The majority of the baskets were Apache and were made using a twining or coiling technique.  The pine pitch, obtained from the piñon pine would have been applied to the surface of the baskets as a waterproofing measure.  Two colors of pitch were observed on the exterior of the baskets, each with different condition issues.  Some baskets were covered with a red pitch that appeared translucent.  The other baskets were covered with a dark brown to black, opaque pitch. Both colors of pitch had suffered degradation due to factors such as UV, temperature and pollutants, however the red pitch appeared more unstable and had a formed a series of fine cracks.  The darker pitch had deeper cracks.
Because the baskets had to be moved, a treatment protocol was established to stabilize the surfaces so the baskets could be safely transported to a new storage area. Previous treatments for deteriorated pitch had included consolidation with solvents or the use of heat (using a butane torch!) to reintegrate the cracked, crumbly surface.  The ASM team was looking for another treatment option, and one that took into consideration the vast numbers of objects that required treatment.  Borrowing from methods used to clean aged varnish in the field of paintings conservation, the conservators decided to reactivate the pitch using a solvent to stabilize the flaking material and reattach the crumbly surfaces.
Prior to any treatment, the conservators wanted to get a cultural perspective on the treatment since they did not want to add material, alter the pitch or appearance of the basket and wanted to make sure the objected retain their cultural integrity and significance. Nancy consulted with a Navajo weaver who said that pitch baskets should always look shiny and therefore reactivating the pitch, and the subsequent shiny appearance the material would take, was acceptable.
Because of the success in the use of ethanol in cleaning aged, pine-based varnish from paintings, that was the solvent chosen for the reactivation of the pine pitch on the ethnographic baskets.

  • The first stage of the treatment was to place the baskets (many supported by foam rings or, if they fit, by large glass beakers) in an ethanol solvent chamber for 24 hours.  This would condition the surface and prepare it for further treatment.
  • The baskets were then removed from the solvent chamber and areas of the surface sprayed with ethanol using a Dahlia sprayer for a more direct application of the solvent.
  • Brushes, foam swabs wrapped in PTFE (Teflon) tape and Kim Wipes (lint-free wipes) soaked in ethanol were then used to relocate any loose flakes.
  • After one side was treated, the pitch was left to air dry for a few hours, then the basket was turned and the other side sprayed with ethanol and flakes reattached.
  • When the entire pitch surface had been treated, the basket was left to air dry for about 24 hours or until the pitch no longer felt tacky.

During treatment the conservators noticed that the transparent red pitch reacted faster to the ethanol.  The darker pitch was less soluble and more pressure was needed to re-adhere fragments.  They also noticed that for areas with damaged basketry elements, the reactivated pitch served to reinforce those areas of the plant fiber so that no further stabilization of those woven elements were required.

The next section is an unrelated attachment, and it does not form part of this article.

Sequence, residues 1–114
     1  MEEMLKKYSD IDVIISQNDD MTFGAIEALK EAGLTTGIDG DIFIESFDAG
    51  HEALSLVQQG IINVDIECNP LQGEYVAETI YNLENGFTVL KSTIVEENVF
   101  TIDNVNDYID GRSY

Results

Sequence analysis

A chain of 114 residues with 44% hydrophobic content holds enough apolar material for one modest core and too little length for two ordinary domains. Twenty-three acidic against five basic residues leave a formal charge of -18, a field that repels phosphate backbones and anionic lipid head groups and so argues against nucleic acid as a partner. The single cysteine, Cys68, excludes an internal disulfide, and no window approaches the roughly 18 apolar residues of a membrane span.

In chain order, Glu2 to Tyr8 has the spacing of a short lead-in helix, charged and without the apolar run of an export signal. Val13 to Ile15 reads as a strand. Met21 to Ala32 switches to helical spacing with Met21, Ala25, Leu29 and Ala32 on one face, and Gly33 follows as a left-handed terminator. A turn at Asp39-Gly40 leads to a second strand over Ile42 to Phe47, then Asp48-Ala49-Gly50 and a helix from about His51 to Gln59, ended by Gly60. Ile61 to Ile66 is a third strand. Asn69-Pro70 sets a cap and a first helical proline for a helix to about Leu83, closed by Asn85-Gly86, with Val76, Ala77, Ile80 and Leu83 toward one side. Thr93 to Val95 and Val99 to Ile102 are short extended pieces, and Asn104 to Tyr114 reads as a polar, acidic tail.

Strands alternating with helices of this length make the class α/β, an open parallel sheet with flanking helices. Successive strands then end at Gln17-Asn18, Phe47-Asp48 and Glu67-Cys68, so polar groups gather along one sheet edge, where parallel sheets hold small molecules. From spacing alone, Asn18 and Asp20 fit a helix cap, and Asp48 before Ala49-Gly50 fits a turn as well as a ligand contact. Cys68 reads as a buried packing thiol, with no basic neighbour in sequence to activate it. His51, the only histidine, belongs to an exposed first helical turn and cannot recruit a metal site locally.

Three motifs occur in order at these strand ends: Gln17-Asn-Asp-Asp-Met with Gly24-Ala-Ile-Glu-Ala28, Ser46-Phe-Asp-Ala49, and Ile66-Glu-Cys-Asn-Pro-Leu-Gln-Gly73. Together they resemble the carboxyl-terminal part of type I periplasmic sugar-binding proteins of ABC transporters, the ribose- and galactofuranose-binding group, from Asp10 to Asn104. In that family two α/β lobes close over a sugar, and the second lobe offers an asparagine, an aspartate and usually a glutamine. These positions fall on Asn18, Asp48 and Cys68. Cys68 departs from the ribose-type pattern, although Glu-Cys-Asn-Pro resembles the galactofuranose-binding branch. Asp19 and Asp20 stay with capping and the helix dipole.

Analytical Investigations
In addition to the treatment, instrumental analysis was conducted to characterize the two types of pitch and determine if there were any changes in the pitch before and after treatment.  The analysis was conducted using Fourier Transform Infrared Spectroscopy (FTIR) and optical microscopy.
The first investigations looked at the two types of pitch and whether there were any changes observed before and after treatment.  Analysis showed that there were no differences before and after treatment and therefore reactivation and exposure to ethanol did not alter the material chemically.  There were differences, however, noted between the red and dark pine pitch. The transparent red pitch had a low aromatic component as opposed to the dark brown-black material, which had a high aromatic hydrocarbon content.
A series of experiments were then conducted in order to figure out what accounts for these differences and it turns out it has to due with how clean the pine pitch is and at what temperature it was initially heated to during application.  Using optical microscopy, the dark pitch seemed to contain woody materials and had inclusions of bark.  Could this be the explanation for the differences in the aromatic content?
Samples of resin from piñon pines in the Navajo area were collected and heated to different temperatures and then examined using microscopy as well as FTIR.  It turns out that if the pitch is clean and does not contain any woody components, there are little to no aromatics.  However, when bark is present in the pitch, the aromatic content is similar to that seen on the pitch coating the ethnographic baskets.  The heating temperature also plays a role not only in the color, and a temperature of 180° C produces pitch similar to that seen on the ASM baskets.
This was a really informative talk describing a new approach to not only the treatment of crumbly pine pitch, but also a protocol for treating large numbers of unstable baskets.  The talk was of particular interest to me because some close colleagues and I have often encountered similar types of condition issues with different resinous materials on archaeological objects (for example bitumen coatings on ceramics, bitumen or pitch on baskets, natural resins on Egyptian funerary objects and mummies) and have often discussed the need for approaches to the stabilization of these materials other than consolidation using synthetic resins.   The literature is a bit lacking in terms of the treatment of these types of materials and it’s wonderful that Nancy and her team at ASM are adding to this body of information by sharing their treatment methods and findings (and hopefully publishing them in the OSG Postprints or another publication!).